Tags: Montier | monetary | policy | economy

GMO's Montier: 'Monetary Policy Isn't Most Effective Tool for Managing Economy'

By    |   Tuesday, 26 May 2015 07:00 AM

Many investors are obsessed with the Federal Reserve's efforts to boost the economy, but perhaps they're looking in the wrong direction.

"There seems to be a perception that central bankers are gods (or at the very least minor deities in some twisted economic pantheon)," James Montier, a portfolio manager at money management firm GMO, writes in a commentary.

"Coupled with this deification of central bankers is a faith that interest rates are a panacea. Whatever the problem, interest rates can solve it. Inflation too high, simply raise interest rates. Economy too weak, then lower interest rates."

You might be getting the idea that Montier holds some doubts. Indeed, he does. "This obsession with interest rates as a cure-all rests on some dubious views about the way the world works," he writes.

"It would appear that monetary policy isn't the most effective tool for managing the economy."

The government should turn to fiscal policy instead, Montier argues.

As for the Fed, it has kept short-term interest rates at record lows since December 2008 and isn't expected to raise rates until September at the earliest.

Meanwhile, with the Vanguard Total Bond Market Index Fund now the world's biggest mutual fund in the fixed-income space, its manager Greg Davis reigns as the new king of the bond market.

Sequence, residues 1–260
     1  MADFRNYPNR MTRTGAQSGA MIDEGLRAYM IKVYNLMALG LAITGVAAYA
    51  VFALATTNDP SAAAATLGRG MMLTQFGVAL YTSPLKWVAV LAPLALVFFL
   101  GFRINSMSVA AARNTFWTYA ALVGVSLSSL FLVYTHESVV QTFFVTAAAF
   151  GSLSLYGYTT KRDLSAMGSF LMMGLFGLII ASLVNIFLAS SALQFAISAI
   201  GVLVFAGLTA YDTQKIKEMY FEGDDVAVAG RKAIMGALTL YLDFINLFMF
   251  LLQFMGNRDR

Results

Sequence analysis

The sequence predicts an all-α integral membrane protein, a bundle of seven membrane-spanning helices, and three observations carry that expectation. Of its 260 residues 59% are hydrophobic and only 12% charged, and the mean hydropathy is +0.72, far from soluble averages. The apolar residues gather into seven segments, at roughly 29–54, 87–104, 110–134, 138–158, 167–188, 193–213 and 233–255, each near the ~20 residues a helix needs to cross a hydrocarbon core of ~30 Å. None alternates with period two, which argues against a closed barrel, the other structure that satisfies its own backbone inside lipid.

So what does he think of the economy and Fed policy? Economic growth is "relatively muted," he tells CNBC. GDP expanded just 0.2 percent in the first quarter, and the Atlanta Fed's forecasting model puts second-quarter growth at only 0.7 percent.

"One in nine Americans are still underemployed. You don't see a ton of strength in the labor market," Davis explains. The unemployment rate was 5.4 percent in April. Meanwhile, inflation remains low, he notes. Consumer prices slid 0.2 percent in the 12 months through April.

Davis sees growth of about 2.5 percent for the year as a whole. And what does that mean for the Fed?

"Our best estimate is for them to start the rate hike cycle sometime in September or December," he said, matching the forecast of many other experts.

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Many investors are obsessed with the Federal Reserve's efforts to boost the economy, but perhaps they're looking in the wrong direction.
Montier, monetary, policy, economy
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2015-00-26
Tuesday, 26 May 2015 07:00 AM
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